How a Toronto Venue Owner Is Fighting for the Industry

Shaun Bowring is a very busy man — even though he’s been out of work since March 2020. As the owner and operator of two music venues on Toronto’s popular Dundas West strip — the 300-capacity club The Garrison and its nearby smaller sister space, The Baby G — Bowring effectively lost his livelihood when COVID-19 forced the shutdown of the North American touring industry last spring. But in the interim, he’s taken on a full-time job of a different sort: as a tireless advocate for fellow imperiled clubs and promoters across Canada. 

In June, Bowring helped form the Canadian Independent Venue Coalition — a nationwide support network of club owners, promoters, booking agents and production companies — and launch a public-awareness campaign, Support Canadian Venues, to pressure all levels of government to provide a stable, long-term financial lifeline to the concert industry during the COVID crisis. So far, the coalition has seen some modest breakthroughs: After the Canadian government introduced a $500 million relief plan for the arts industry last May that initially excluded music venues, the CIVC successfully lobbied for a $20 million piece of the pie, while the City of Toronto fast-tracked a long-gestating property-tax cut plan for local clubs. 

But as Bowring has discovered, surviving the pandemic is a day-by-day process in 2020: Though the CIVC has achieved some gains, the live music industry is not out of the woods. Ticketmaster spoke to Bowring to get the scoop on how he’s managed to accomplish what he has so far, and how his efforts support his view of the big picture. 

Ticketmaster: What does a typical day look like for you during this pandemic?

Shaun Bowring: I’ve literally become a full-time live-music venue advocate, to push for emergency funding from the government. There are about thirty-five venues in downtown Toronto, and we have a weekly or bi-weekly Zoom meeting and talk about issues.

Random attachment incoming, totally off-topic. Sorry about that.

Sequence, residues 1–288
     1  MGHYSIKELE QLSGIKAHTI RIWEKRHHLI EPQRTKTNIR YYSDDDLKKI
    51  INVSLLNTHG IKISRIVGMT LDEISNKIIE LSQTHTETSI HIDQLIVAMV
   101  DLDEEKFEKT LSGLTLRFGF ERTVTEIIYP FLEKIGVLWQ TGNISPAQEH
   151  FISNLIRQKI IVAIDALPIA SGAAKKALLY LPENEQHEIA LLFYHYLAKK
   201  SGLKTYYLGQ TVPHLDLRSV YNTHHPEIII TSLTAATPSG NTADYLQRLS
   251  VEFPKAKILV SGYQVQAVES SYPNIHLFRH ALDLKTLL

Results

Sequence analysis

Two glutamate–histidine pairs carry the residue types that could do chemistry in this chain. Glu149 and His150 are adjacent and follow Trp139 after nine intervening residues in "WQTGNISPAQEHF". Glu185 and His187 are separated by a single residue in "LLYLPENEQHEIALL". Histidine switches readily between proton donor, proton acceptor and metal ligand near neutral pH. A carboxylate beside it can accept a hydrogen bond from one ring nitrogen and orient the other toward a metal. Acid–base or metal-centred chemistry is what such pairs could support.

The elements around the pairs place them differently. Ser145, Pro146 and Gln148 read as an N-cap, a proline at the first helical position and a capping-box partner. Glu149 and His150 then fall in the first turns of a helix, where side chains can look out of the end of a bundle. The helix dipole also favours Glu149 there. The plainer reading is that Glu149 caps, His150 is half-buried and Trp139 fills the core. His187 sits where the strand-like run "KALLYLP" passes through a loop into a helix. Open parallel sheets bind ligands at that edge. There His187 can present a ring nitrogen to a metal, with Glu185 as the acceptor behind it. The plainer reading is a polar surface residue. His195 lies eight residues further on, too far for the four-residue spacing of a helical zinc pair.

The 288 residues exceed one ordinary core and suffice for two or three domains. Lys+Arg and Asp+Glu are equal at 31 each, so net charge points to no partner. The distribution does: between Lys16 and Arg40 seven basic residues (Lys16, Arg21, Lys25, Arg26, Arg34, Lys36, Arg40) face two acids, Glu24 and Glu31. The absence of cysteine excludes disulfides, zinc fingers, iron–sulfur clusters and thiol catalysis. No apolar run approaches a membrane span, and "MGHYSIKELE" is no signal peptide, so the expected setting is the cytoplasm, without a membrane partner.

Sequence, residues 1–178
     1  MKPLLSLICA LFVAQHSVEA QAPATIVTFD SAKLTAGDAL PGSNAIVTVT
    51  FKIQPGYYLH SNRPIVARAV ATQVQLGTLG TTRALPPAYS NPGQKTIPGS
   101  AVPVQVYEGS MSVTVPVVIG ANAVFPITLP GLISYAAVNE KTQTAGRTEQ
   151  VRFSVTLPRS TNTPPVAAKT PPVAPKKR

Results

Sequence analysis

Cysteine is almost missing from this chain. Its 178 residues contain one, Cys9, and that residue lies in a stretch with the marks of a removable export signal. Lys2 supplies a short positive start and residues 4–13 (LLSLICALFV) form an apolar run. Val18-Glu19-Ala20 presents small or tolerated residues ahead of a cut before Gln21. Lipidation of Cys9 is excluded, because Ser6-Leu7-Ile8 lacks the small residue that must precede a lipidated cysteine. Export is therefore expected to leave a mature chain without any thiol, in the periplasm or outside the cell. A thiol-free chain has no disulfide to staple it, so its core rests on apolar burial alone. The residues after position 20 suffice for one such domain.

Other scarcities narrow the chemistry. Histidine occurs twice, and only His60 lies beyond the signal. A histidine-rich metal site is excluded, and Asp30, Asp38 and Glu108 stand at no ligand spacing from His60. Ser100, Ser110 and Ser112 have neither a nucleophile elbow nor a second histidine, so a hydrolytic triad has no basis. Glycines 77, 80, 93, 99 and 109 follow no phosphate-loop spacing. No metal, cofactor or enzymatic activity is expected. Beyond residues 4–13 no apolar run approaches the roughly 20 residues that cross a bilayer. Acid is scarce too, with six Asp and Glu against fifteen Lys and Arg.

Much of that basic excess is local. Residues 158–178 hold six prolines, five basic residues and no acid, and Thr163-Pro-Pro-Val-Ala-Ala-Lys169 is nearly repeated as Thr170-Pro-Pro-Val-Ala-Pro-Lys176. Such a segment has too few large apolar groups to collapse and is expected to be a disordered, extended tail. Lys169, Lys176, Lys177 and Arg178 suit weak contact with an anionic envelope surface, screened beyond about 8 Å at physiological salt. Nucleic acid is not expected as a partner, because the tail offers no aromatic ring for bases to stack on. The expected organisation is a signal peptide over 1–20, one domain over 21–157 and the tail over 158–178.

Early on, it was about supporting one another and making sure everyone figured out all the loans and programs that were out there to make sure none of the venues fall through the cracks. And that’s actually been a silver lining: Previously, we were all friendly competition, but now we’ve had good heart-to-hearts about our finances and how we operate. So it’s been a very good support system to know that, hey, we’re all in this together as opposed to just sitting there biting your nails figuring out if you’re going to make it to the other side or not.

What steps have you taken to raise public awareness? 

We tried to get as many artist-impact statements as we could: We got bands like The Tragically Hip and Japandroids and Metz and Broken Social Scene doing little videos for us and advocating to the public. The CIVC website,, has a lot of information about the industry, and we started a letter-writing, email and telephone-call program to contact your members of parliament. We need to communicate to these politicians and policymakers that this isn’t an on/off-switch kind of business. We have to educate them that, hey, we plan from four months minimum to two years ahead. Even if there’s a vaccine and the virus disappeared tomorrow, it’s still going to take us X amount of time to get up and running. The further we got into the pandemic, the more we started thinking about long-term recovery. This is going be a year-or-two-long ride, and nobody knows what it looks like. 

It’s one thing to rally venues together; it’s another to come up with an effective action plan that politicians will take seriously. How did you go about doing that?

To talk to politicians, you have to talk their language, and a lot of that is data-driven. [Consulting group] Nordicity recently put out a report that put the economic spin-off of live music in Toronto at just under a billion dollars annually. So that’s an amazing tool. Throughout our lifetime, we’ve all seen the car industry or airline industry get bailed out, because they’re organized and they have a number attached to it — they represent X amount of jobs and X amount in economic revenue, and so forth. So you need tools like that to make your case. 

But there’s more to it than just jobs and revenue — music venues have historically revitalized entire neighborhoods and have long-lasting economic and social impacts for cities. 

Yeah, you could use The Garrison as an example of that. Eleven years ago, when we opened, our neighborhood was a Portuguese mom-and-pop strip that was kind of slowing down. It was not a well-trod area by the general public. The Garrison was the farthest bar west along Dundas, and now, between The Garrison and Baby G, there are probably 50 bars and restaurants and art galleries and clothing shops all these things that weren’t there before. Not to toot my horn too much, but live music venues do make good anchors in neighborhoods, because they support the other businesses. It’s been a process, but I think the policymakers and politicians are learning that.


Photo by Kat Angus


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